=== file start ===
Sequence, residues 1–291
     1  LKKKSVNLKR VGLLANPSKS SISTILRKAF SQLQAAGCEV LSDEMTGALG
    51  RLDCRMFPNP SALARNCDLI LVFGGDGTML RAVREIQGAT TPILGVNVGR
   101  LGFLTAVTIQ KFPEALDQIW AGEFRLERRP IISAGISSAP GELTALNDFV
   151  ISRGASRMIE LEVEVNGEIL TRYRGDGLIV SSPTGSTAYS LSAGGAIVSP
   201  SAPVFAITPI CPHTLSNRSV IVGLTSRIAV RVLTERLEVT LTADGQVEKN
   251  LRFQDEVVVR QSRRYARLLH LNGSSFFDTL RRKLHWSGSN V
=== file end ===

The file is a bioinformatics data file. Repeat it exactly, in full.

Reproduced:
Sequence, residues 1–291
     1  LKKKSVNLKR VGLLANPSKS SISTILRKAF SQLQAAGCEV LSDEMTGALG
    51  RLDCRMFPNP SALARNCDLI LVFGGDGTML RAVREIQGAT TPILGVNVGR
   101  LGFLTAVTIQ KFPEALDQIW AGEFRLERRP IISAGISSAP GELTALNDFV
   151  ISRGASRMIE LEVEVNGEIL TRYRGDGLIV SSPTGSTAYS LSAGGAIVSP
   201  SAPVFAITPI CPHTLSNRSV IVGLTSRIAV RVLTERLEVT LTADGQVEKN
   251  LRFQDEVVVR QSRRYARLLH LNGSSFFDTL RRKLHWSGSN V